According to the Congressional Research Service, “Funding for hypersonic weapons has been relatively restrained in the past; however, both the Pentagon and Congress have shown a growing interest in pursuing the development and near-term deployment of hypersonic systems. This is due, in part, to the advances in these technologies in Russia and China, both of which have a number of hypersonic weapons programs and have likely fielded operational hypersonic glide vehicles potentially armed with nuclear warheads. Most U.S. hypersonic weapons, in contrast to those in Russia and China, are not being designed for use with a nuclear warhead. As a result, U.S. hypersonic weapons will likely require greater accuracy and will be more technically challenging to develop than nuclear-armed Chinese and Russian systems.” The Government Accountability Office has reported that funding for hypersonic weapons programs increased 740 percent from 2015 to 2020 with a total of $15 billion not including production costs. 

So with all that funding, what’s cooking in the stu? On April 5, the United States Defense Advanced Research Projects Agency (DARPA) announced a second successful flight of the Hypersonic Air-breathing Weapon Concept (HAWC). In a statement posted to their website, DARPA stated that “The vehicle, after release from a carrier aircraft, was boosted to its Aerojet Rocketdyne scramjet engine ignition envelope. From there, it quickly accelerated to and maintained cruise faster than Mach 5 (five times the speed of sound) for an extended period of time. The vehicle reached altitudes greater than 65,000 feet and flew for more than 300 nautical miles.” DARPA also stated that the latest HAWC test was done so using a Lockheed Martin version, which program manager Andrew Knoedler said the “flight test successfully demonstrated a second design that will allow our warfighters to competitively select the right capabilities to dominate the battlefield.” The test was done sometime in March, but was not revealed in an effort to not further escalate tensions with #Russia.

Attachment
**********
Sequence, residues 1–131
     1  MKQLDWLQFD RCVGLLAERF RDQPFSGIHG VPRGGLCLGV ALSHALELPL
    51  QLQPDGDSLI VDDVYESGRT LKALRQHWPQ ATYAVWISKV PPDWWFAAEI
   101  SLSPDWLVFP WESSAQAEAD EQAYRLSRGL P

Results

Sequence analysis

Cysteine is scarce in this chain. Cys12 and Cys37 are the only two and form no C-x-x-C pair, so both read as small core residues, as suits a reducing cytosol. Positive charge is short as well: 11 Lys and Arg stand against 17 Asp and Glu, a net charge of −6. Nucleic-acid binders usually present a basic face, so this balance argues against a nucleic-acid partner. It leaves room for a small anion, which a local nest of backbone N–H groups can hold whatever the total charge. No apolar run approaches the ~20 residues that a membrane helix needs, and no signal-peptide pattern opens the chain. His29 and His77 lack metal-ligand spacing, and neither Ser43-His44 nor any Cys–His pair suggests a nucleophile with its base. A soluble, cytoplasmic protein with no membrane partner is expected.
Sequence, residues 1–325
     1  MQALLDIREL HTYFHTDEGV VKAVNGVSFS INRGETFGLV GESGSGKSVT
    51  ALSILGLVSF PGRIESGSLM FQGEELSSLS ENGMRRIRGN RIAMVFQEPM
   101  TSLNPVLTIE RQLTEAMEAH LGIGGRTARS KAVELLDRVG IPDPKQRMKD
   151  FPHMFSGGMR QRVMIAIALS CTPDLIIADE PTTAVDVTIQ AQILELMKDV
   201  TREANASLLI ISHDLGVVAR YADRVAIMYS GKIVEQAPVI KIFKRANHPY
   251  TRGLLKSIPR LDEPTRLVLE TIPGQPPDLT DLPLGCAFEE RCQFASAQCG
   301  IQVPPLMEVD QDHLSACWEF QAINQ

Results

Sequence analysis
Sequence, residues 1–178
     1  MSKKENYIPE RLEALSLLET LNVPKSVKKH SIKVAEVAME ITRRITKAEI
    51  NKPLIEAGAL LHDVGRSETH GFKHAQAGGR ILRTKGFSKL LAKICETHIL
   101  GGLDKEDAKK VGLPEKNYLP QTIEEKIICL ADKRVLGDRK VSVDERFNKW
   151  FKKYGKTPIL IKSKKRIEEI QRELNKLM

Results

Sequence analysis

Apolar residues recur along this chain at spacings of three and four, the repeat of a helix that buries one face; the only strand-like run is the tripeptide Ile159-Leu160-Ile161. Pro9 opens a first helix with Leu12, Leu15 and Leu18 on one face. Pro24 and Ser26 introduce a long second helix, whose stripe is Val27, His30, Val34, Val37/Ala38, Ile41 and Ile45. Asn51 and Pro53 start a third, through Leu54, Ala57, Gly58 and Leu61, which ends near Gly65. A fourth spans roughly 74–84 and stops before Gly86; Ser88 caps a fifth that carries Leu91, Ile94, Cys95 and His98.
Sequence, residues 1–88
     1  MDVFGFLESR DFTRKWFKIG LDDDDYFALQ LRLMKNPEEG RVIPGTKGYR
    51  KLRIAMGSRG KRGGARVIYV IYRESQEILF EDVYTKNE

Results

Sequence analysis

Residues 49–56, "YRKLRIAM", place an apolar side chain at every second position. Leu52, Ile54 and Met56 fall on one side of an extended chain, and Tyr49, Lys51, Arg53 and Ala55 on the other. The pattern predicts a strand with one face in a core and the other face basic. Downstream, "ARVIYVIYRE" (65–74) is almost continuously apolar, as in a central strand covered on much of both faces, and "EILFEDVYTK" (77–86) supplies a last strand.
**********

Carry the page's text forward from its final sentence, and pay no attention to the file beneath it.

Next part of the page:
Last September, DARPA announced the successful testing of the Raytheon version of the HAWC, stating that the weapons system “could strike targets much more quickly than subsonic missiles and has significant kinetic energy even without high explosives.” President of Raytheon’s Missiles & Defense business unit, Wes Kremer, stated that “The Department of Defense has identified hypersonic weapons and counter-hypersonic capabilities as the highest technical priorities for our nation’s security,” according to Reuters.

Some other hypersonic weapons currently in development include:

The AGM-183 program has been plagued with issues. The system is supposed to be a glide-boosted weapon, meaning that the entire weapon uses rockets to reach speeds of Mach 20 before an integrated glide vehicle releases and heads towards the target. Development began in 2018 with Lockheed receiving nearly $500 million in funding and initial testing proved to be optimistic, with President Trump touting it as the “Super-Duper Missile.”However, when it came to test flights, all three failed in 2021. Last month, the U.S. Air Force signaled that no plans to buy ARRWs in its 2023 budget after already cutting funding to the program by nearly a half. As of right now, the project isn’t dead, but it faces frequent setbacks and delays. If all goes well the ARRW is expected to have early operational status by next year.